Favorable associations between magnesium intake and glycemic traits, such as fasting glucose and insulin, are observed in observational and clinical studies, but whether genetic variation affects these associations is largely unknown. We hypothesized that single nucleotide polymorphisms (SNPs) associated with either glycemic traits or magnesium metabolism affect the association between magnesium intake and fasting glucose and insulin. Fifteen studies from the CHARGE (Cohorts for Heart and Aging Research in Genomic Epidemiology) Consortium provided data from up to 52,684 participants of European descent without known diabetes. In fixed-effects meta-analyses, we quantified 1) cross-sectional associations of dietary magnesium intake with fasting glucose (mmol/L) and insulin (ln-pmol/L) and 2) interactions between magnesium intake and SNPs related to fasting glucose (16 SNPs), insulin (2 SNPs), or magnesium (8 SNPs) on fasting glucose and insulin. After adjustment for age, sex, energy intake, BMI, and behavioral risk factors, magnesium (per 50-mg/d increment) was inversely associated with fasting glucose [β = -0.009 mmol/L (95% CI: -0.013, -0.005), P < 0.0001] and insulin [-0.020 ln-pmol/L (95% CI: -0.024, -0.017), P < 0.0001]. No magnesium-related SNP or interaction between any SNP and magnesium reached significance after correction for multiple testing. However, rs2274924 in magnesium transporter-encoding TRPM6 showed a nominal association (uncorrected P = 0.03) with glucose, and rs11558471 in SLC30A8 and rs3740393 near CNNM2 showed a nominal interaction (uncorrected, both P = 0.02) with magnesium on glucose. Consistent with other studies, a higher magnesium intake was associated with lower fasting glucose and insulin. Nominal evidence of TRPM6 influence and magnesium interaction with select loci suggests that further investigation is warranted.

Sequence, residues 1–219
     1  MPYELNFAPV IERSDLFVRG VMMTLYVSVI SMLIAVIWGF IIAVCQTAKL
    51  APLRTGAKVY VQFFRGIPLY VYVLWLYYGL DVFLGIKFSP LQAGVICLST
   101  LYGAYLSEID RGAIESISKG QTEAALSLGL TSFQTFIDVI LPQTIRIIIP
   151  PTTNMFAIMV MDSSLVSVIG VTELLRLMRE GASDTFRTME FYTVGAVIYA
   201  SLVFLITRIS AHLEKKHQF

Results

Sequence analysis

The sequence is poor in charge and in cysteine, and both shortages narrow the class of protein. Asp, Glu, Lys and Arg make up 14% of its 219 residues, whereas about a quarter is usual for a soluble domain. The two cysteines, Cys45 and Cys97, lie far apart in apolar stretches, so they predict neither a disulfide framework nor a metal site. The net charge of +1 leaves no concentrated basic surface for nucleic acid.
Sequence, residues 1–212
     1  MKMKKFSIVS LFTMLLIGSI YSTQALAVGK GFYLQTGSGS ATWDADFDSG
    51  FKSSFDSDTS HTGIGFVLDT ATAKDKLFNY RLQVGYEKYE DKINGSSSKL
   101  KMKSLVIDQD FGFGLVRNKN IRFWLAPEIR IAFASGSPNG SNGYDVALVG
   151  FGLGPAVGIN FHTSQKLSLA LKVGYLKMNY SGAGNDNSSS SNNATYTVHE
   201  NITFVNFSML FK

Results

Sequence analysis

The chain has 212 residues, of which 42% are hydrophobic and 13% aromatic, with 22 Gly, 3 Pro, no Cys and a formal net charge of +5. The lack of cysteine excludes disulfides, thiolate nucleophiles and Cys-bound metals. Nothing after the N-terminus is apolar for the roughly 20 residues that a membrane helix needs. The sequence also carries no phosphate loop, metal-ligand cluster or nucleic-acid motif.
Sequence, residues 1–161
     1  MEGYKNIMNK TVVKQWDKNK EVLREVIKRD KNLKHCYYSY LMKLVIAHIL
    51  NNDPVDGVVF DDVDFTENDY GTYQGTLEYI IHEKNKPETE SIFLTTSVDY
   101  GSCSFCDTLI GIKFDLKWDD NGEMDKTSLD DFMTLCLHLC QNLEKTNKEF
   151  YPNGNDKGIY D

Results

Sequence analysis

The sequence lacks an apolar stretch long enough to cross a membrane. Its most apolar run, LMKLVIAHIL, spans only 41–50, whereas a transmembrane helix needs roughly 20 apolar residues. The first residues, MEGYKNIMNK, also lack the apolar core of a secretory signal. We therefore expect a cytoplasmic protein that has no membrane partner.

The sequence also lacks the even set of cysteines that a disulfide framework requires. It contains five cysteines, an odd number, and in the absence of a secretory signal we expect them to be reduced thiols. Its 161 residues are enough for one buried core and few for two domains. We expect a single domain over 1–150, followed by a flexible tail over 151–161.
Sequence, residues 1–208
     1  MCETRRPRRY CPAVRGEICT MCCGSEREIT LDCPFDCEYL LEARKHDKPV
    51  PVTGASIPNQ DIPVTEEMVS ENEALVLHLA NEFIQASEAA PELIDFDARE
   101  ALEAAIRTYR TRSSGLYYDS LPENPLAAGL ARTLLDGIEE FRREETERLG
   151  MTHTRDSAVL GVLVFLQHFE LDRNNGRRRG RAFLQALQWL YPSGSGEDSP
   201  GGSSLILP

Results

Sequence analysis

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http://dx.doi.org/10.3945/jn.112.172049DOI Listing
http://www.ncbi.nlm.nih.gov/pmc/articles/PMC3713023PMC
March 2013

Meta-analysis investigating associations between healthy diet and fasting glucose and insulin levels and modification by loci associated with glucose homeostasis in data from 15 cohorts.

Am J Epidemiol 2013 Jan 19;177(2):103-15. Epub 2012 Dec 19.

Division of Epidemiology, Human Genetics and Environmental Sciences, School of Public Health, University of Texas Health Science Center at Houston, 1200 Herman Pressler Drive, Suite E-641, Houston, TX 77030, USA.

Whether loci that influence fasting glucose (FG) and fasting insulin (FI) levels, as identified by genome-wide association studies, modify associations of diet with FG or FI is unknown. We utilized data from 15 U.S. and European cohort studies comprising 51,289 persons without diabetes to test whether genotype and diet interact to influence FG or FI concentration. We constructed a diet score using study-specific quartile rankings for intakes of whole grains, fish, fruits, vegetables, and nuts/seeds (favorable) and red/processed meats, sweets, sugared beverages, and fried potatoes (unfavorable). We used linear regression within studies, followed by inverse-variance-weighted meta-analysis, to quantify 1) associations of diet score with FG and FI levels and 2) interactions of diet score with 16 FG-associated loci and 2 FI-associated loci. Diet score (per unit increase) was inversely associated with FG (β = -0.004 mmol/L, 95% confidence interval: -0.005, -0.003) and FI (β = -0.008 ln-pmol/L, 95% confidence interval: -0.009, -0.007) levels after adjustment for demographic factors, lifestyle, and body mass index. Genotype variation at the studied loci did not modify these associations. Healthier diets were associated with lower FG and FI concentrations regardless of genotype at previously replicated FG- and FI-associated loci. Studies focusing on genomic regions that do not yield highly statistically significant associations from main-effect genome-wide association studies may be more fruitful in identifying diet-gene interactions.